As dog owners know, your beloved four-legged friend is more than a pet, they are family, so it makes sense that if Fido goes missing you will understandably be worried. The first thing to do in the unfortunate event that this happens to you is try not to panic. Have a read through this article so that you can be prepared with all the necessary knowledge so you can get your dog back home to you as soon as possible.
1. Ask your neighbours
If your dog has gone missing while it was at home or in the surrounding area, ask your neighbours if they have seen anything that may indicate the dog’s whereabouts. They may have seen suspicious activity around your property or may even have seen your dog escape and have taken it in to their home for safekeeping. While you are walking between the neighbour’s houses call out your dog’s name so that if they are hiding anywhere, they will hear you and (hopefully!) come out and greet you.
2. Call your dog’s name in familiar locations
In addition to calling your dog while you are walking between neighbours’ houses, think of the regular places in the vicinity that you and your dog frequent. These places may include parks, certain streets, or even cafes. Most dogs have good memory when it comes to favourite places that they visit often, so you might just find then hiding behind a tree that you regularly play fetch under! As well as calling your dog’s name (in an upbeat and friendly way) you could rattle their favourite treat bag or tap on their food tin so entice them to come out of hiding for a tasty treat.
3. Make sure microchip registration is up to date
If your dog is microchipped make sure that the information is current and up to date. If you think it may not be current, make sure to contact the microchip agency and get the details updated. If your dog is found and is microchipped often the local council will try to get in touch with you via the contact details that you have provided - so make sure that these details are correct.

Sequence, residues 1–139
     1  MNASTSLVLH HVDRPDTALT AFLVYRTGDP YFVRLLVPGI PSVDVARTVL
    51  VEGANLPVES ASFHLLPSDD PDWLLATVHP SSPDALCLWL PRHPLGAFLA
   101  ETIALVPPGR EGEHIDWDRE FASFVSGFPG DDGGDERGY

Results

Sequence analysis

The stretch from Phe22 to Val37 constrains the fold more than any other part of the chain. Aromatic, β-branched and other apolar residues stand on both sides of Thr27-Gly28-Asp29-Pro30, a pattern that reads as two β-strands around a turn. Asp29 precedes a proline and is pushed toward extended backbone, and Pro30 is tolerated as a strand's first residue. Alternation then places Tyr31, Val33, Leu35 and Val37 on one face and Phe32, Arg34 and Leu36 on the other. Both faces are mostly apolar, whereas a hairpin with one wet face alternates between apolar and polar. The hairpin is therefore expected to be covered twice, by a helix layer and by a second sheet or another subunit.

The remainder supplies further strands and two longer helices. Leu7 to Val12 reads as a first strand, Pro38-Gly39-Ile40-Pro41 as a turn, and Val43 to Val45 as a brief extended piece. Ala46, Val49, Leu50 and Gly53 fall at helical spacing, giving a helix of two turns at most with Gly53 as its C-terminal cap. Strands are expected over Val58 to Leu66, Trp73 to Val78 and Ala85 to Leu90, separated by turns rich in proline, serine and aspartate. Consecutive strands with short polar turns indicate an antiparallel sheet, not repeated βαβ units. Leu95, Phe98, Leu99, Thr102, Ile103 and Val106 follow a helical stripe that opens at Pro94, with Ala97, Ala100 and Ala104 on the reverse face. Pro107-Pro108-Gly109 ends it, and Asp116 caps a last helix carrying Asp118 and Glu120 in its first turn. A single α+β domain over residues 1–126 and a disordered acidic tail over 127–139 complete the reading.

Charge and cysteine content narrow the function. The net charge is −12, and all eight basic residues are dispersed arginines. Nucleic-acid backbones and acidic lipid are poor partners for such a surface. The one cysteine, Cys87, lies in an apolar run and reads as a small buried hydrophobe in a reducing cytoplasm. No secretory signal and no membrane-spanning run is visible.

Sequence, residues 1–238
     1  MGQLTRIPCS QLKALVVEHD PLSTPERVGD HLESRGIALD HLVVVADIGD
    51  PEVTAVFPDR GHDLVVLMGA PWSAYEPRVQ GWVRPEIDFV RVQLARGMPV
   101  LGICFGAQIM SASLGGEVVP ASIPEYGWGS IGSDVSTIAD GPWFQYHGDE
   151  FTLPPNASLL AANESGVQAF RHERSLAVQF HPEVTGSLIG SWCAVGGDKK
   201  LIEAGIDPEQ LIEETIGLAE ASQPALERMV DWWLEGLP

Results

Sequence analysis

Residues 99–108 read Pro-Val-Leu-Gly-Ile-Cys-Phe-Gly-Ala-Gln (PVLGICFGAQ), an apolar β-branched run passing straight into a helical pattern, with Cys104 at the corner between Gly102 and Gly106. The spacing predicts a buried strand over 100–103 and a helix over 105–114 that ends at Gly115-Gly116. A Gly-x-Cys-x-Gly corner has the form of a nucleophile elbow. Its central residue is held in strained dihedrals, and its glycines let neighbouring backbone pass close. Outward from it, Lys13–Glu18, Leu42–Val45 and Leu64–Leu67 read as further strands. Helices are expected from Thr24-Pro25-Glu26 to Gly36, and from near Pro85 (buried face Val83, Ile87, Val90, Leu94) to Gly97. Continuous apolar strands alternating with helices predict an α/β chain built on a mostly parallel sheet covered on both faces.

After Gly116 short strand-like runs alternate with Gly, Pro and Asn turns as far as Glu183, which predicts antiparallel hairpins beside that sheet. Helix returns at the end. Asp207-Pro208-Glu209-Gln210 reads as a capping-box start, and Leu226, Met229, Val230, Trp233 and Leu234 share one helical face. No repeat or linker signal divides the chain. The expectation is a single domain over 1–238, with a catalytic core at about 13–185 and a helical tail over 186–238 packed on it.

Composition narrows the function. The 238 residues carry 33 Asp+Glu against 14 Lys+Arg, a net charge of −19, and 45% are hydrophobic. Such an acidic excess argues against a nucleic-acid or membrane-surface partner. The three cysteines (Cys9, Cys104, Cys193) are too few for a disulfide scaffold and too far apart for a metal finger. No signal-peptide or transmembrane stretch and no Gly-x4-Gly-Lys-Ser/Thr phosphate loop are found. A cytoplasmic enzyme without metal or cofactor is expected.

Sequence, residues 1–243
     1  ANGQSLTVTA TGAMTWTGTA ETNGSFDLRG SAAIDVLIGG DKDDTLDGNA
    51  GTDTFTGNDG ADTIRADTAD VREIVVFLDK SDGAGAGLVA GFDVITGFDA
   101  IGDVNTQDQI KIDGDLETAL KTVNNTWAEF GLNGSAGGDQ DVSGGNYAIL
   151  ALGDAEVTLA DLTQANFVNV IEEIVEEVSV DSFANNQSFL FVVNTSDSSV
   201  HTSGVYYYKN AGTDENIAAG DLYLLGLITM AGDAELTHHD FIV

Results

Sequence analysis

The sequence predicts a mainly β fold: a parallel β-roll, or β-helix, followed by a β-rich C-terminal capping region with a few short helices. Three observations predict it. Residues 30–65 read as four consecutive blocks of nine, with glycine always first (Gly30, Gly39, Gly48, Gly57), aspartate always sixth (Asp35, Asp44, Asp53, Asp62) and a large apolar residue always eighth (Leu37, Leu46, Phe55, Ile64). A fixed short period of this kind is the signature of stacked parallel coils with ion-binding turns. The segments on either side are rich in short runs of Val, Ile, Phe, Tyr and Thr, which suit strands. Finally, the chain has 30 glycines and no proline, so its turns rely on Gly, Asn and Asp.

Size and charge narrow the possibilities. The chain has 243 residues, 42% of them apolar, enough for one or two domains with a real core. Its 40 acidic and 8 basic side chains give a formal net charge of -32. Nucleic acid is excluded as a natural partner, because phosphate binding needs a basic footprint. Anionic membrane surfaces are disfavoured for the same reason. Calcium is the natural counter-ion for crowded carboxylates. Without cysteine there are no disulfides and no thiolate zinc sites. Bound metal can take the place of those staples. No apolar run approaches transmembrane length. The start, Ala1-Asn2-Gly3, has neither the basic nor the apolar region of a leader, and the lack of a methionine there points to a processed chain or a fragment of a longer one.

4. Contact Local animal Shelters
The moment you know that your pet has gone missing, contact local animals shelters in the vicinity of the area you live, or in the area surrounding where your dog was lost. By contacting shelters and letting them know your pet has gone missing, they will be able to contact you as soon as they receive any information about a dog that matches your description.
5. Contact the Council and Local Vets
Some councils may have a council pound that animals get brought to, or if someone has seen your dog wandering around, they may have called the council to alert them. The same goes for local vets. Additionally, sometimes vets will have a lost and found display board so you can inform that that your dog is missing, and they will display information about your dog so that people can contact them.
6. Put up posters
It’s a good idea to put up as many posters about your missing dog as you can, as this will increase the chances of someone seeing it and then contacting you if they happen to spot your dog when they’re out and about.
On the poster make sure you include a picture of your dog, along with a description and a few facts, such as their favourite treats or the name/sounds they respond to. Also don’t forget to include your contact information.
Put these posters up in as many public places as possible. Consider places such as supermarkets, street poles, cafes, and areas close to veterinary offices. Although you may think that stating a reward will be given for the safe return of your dog, this may actually be counterintuitive.
Some people who see this may attach a monetary amount to your dog and subsequently try to sell the dog if they find them. Most people luckily do not think this way though, and do not need an incentive to help you get your dog back - the satisfaction of reuniting your dog to its family will be enough.
Although losing your dog is a highly stressful event, if you try to stay as calm as possible, and follow the steps above you will have the best chance of being reunited with your four-legged friend.